Our robust financial system moves money through a lot of people’s hands, but it helps to ensure that the money ultimately ends up in the hands of those who will use it most effectively. The modern economy is possible because of finance.

          • Mitchell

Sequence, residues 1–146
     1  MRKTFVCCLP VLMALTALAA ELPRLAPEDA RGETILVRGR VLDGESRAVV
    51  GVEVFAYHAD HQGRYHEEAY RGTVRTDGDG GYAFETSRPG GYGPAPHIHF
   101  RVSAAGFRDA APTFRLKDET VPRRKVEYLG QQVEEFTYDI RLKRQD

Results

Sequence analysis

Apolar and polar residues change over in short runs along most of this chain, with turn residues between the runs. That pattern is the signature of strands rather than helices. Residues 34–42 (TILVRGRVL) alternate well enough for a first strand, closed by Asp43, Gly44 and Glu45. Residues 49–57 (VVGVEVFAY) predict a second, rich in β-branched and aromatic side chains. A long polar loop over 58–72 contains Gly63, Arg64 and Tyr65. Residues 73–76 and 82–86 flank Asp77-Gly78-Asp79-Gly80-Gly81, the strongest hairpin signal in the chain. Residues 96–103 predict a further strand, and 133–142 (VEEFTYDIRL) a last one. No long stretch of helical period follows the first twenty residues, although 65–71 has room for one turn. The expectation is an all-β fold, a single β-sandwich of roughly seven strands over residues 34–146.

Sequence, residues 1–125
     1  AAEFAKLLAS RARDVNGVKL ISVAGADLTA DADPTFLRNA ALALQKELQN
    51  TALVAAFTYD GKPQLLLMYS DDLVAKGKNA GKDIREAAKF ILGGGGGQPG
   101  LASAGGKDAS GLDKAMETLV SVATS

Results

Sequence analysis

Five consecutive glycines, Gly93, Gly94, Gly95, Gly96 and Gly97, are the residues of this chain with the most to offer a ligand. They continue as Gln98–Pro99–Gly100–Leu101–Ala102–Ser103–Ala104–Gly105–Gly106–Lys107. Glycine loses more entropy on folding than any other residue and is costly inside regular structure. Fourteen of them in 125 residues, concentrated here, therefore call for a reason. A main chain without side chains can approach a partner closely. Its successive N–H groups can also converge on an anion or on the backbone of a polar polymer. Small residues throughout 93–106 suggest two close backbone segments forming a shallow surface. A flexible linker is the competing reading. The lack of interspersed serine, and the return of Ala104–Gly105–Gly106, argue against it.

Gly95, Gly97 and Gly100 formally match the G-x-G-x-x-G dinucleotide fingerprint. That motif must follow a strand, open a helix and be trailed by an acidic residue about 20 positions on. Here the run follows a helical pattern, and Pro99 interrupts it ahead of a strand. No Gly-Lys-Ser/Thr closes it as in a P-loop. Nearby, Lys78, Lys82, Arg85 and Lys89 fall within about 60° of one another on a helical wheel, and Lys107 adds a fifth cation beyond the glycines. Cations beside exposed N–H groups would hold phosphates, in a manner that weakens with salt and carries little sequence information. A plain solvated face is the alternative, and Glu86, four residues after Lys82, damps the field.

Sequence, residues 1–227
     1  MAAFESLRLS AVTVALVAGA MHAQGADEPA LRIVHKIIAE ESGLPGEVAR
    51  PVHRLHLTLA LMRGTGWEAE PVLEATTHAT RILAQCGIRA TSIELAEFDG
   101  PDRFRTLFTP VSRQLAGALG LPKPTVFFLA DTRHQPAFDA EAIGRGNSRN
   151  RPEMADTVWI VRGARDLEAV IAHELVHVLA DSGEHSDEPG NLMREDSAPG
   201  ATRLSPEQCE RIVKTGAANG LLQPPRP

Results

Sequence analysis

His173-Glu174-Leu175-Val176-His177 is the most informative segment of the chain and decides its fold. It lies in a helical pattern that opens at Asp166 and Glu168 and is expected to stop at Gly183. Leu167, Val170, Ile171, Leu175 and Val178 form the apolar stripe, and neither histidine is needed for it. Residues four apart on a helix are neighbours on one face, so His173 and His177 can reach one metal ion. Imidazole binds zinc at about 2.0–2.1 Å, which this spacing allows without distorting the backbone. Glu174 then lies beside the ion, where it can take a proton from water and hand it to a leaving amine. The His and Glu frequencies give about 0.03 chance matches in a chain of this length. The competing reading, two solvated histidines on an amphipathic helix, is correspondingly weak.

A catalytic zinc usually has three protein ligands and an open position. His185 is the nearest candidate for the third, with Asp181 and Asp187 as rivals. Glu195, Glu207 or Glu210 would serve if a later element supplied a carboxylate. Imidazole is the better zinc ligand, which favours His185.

What you are claiming is true to an extent, clearly our financial markets are large and liquid, and clearly money COULD be taken out to be spent on consumption goods or new investment, but it could also be taken out to shift their portfolio around. In times of financial euphoria, this phenomenon is far more plausible than your own explanation. In boom times, normal investors and especially institutional money managing funds such as hedge funds, Sovereign Wealth funds, investment banks and less nefarious institutions like pension funds and college endowments, move around billions and billions of highly leveraged dollars every second in a completely unregulated environment. You are assuming that financial markets are efficiently distributing funds around to those that are using that money for capital investment, but there is almost no credible evidence that financial markets efficiently do this. In boom times people are filled with irrational exuberance and seek out ever riskier returns, in down times they are irrationally pessimistic about the conditions and move the economy toward a self perpetuating funk. These financial products are inherently fickle and extremely profitable. A normal person can create far higher returns buying and selling assets than MAKING assets. You can make more money swapping houses, or oil futures, or technology stocks, than creating any technology. Finance is perhaps the only industry in the economy, where a person works yet doesn’t PRODUCE a single good. Raising capital doesn’t require speculative finance.